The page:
If I remember the story correctly, Arnold left home that night. He relocated to the Hot Springs, Arkansas, area. There, if a young man paid the county sheriff a monthly stipend and promised to keep his nose clean, he could start life anew.
That’s how Arnold met Vera, my grandmother. Vera was part of a family of German professionals who settled in Arkansas and ruined the family fortune by marrying into a bunch of poor white sharecroppers.
It was a match made in, well, somewhere.
Arnold and Vera divorced soon after I was born. I remember meeting him once; my dad took me to see him in his small apartment when I was eight. I remember that he talked even less than my dad, and while my dad stood six-three, Arnold towered over him.
And I remember something else: Arnold had cold eyes. Cold. I was 8 years old, and I’d never seen eyes like that.
As far as I could tell, my dad was the only one out of the eight kids who maintained a relationship with Arnold. Once a month or so, Dad would hug Mom, announce that he was going to see his dad, and leave. When he would return two or three hours later, he’d look particularly sad.
I remember seeing a photograph of my dad and his seven siblings (I think they were all there), taken after Arnold’s funeral. If memory serves, my aunts and uncles were all smiling. My dad wasn’t, and it looked like he had been crying.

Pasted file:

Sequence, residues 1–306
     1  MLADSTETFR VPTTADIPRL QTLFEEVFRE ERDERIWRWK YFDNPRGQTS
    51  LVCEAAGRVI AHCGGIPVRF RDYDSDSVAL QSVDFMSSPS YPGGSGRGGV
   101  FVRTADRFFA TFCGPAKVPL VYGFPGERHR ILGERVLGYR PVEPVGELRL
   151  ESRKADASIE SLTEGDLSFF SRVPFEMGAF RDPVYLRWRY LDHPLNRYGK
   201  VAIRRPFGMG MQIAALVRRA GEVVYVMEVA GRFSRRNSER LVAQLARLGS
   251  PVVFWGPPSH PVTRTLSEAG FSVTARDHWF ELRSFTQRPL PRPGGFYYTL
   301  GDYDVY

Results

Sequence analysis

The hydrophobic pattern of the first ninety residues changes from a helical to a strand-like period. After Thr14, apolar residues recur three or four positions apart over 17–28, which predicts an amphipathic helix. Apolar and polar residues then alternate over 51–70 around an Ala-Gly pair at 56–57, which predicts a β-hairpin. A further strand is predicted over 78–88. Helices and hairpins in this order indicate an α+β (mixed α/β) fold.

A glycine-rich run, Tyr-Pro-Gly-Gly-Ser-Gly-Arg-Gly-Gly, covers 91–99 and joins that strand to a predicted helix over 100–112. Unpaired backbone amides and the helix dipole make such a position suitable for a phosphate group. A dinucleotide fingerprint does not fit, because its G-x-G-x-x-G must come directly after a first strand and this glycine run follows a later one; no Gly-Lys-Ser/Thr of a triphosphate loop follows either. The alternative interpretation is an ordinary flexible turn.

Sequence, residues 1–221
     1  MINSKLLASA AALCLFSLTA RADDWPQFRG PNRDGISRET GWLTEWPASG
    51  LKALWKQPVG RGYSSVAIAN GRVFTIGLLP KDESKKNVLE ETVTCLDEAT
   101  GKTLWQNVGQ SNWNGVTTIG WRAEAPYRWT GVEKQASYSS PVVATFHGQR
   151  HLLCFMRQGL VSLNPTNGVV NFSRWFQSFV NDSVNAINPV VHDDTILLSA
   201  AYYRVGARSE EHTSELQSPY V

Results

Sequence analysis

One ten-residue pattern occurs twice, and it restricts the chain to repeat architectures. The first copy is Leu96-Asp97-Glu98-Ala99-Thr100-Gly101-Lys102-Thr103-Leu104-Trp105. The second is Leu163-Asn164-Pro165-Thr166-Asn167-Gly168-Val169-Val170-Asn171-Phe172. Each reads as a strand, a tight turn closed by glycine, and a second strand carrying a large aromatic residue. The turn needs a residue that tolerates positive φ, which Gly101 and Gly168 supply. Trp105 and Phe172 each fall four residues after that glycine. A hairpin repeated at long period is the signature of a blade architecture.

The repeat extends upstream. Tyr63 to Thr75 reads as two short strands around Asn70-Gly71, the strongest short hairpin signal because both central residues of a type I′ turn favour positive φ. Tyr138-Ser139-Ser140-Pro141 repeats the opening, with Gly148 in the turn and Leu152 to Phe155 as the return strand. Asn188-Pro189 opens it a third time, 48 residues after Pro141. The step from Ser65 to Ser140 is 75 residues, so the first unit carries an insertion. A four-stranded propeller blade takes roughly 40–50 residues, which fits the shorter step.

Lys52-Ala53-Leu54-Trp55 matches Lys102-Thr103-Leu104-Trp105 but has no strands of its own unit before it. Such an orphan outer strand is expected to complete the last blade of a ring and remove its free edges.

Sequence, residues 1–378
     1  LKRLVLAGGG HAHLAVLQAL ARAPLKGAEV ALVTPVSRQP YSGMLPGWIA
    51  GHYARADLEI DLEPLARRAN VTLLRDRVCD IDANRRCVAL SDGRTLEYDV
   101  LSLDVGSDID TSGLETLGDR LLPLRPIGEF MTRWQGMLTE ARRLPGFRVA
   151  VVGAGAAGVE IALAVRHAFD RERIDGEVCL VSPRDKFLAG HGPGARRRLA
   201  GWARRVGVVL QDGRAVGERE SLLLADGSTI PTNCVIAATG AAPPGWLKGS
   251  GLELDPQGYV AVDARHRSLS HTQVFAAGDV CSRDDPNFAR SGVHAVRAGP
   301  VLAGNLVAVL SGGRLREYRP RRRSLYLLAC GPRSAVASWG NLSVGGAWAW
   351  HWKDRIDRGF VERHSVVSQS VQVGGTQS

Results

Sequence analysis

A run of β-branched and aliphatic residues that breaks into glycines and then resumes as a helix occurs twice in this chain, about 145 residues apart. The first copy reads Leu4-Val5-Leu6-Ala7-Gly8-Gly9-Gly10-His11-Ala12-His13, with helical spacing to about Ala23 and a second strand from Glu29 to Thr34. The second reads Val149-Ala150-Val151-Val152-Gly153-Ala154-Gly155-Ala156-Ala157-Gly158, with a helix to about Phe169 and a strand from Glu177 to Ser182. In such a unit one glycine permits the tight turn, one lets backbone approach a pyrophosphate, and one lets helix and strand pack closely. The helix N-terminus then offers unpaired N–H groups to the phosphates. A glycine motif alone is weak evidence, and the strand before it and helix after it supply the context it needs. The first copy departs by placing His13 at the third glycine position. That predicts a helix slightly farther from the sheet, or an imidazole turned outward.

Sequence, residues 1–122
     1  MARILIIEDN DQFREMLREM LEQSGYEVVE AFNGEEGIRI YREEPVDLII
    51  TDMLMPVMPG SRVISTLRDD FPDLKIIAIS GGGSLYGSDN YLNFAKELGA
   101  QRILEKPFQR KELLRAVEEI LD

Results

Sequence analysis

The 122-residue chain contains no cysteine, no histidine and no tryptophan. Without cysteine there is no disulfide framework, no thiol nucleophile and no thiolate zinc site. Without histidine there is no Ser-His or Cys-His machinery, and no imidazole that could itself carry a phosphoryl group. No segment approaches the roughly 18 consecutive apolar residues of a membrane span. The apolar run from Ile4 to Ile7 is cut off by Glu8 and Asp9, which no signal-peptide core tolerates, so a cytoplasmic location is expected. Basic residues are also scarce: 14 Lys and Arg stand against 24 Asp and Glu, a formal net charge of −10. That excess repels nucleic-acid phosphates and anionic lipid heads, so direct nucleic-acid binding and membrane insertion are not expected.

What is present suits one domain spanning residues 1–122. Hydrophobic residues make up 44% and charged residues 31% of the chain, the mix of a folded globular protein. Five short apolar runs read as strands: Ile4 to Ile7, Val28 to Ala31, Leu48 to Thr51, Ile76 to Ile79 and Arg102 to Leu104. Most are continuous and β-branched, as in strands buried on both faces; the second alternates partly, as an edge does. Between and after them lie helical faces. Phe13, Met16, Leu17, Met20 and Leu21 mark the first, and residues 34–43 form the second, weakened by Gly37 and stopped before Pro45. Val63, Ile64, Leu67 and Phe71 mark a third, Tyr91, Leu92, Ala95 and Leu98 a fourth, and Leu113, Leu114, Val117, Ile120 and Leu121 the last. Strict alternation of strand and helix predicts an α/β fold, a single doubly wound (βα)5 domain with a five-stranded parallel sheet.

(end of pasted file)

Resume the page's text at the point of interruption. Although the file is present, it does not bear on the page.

To this day, I wish I knew more about my paternal grandfather. I think.
Nope, Not Me
Through my teens and 20s, I was damn sure that I didn’t want to be a father. Growing up with the threat of nuclear annihilation or a slower death of humanity through overpopulation, it just seemed selfish and irresponsible to bring a child into the world.
That was pretty common thinking at the time. But there was more, namely my favorite neighborhood enemy, Eddie.
Eddie and I didn’t really hate each other, but we liked to pretend that we did. Then, at the age of 11, Eddie died. You seldom saw kids riding bikes while wearing helmets in those days, and Eddie rode his bike like a madman. A car hit his bike, hurtling Eddie to the pavement. He lived for a short time in the hospital, but soon, my favorite enemy was gone.
I saw a faded light in his parents’ eyes after that. They soon divorced, and it planted a thought: Why the hell would anyone want to risk the loss of a child by bringing him or her into the world?
Mom and Dad would sometimes talk about other couples who’d lost a child, and that only cemented the notion that parenthood should be avoided.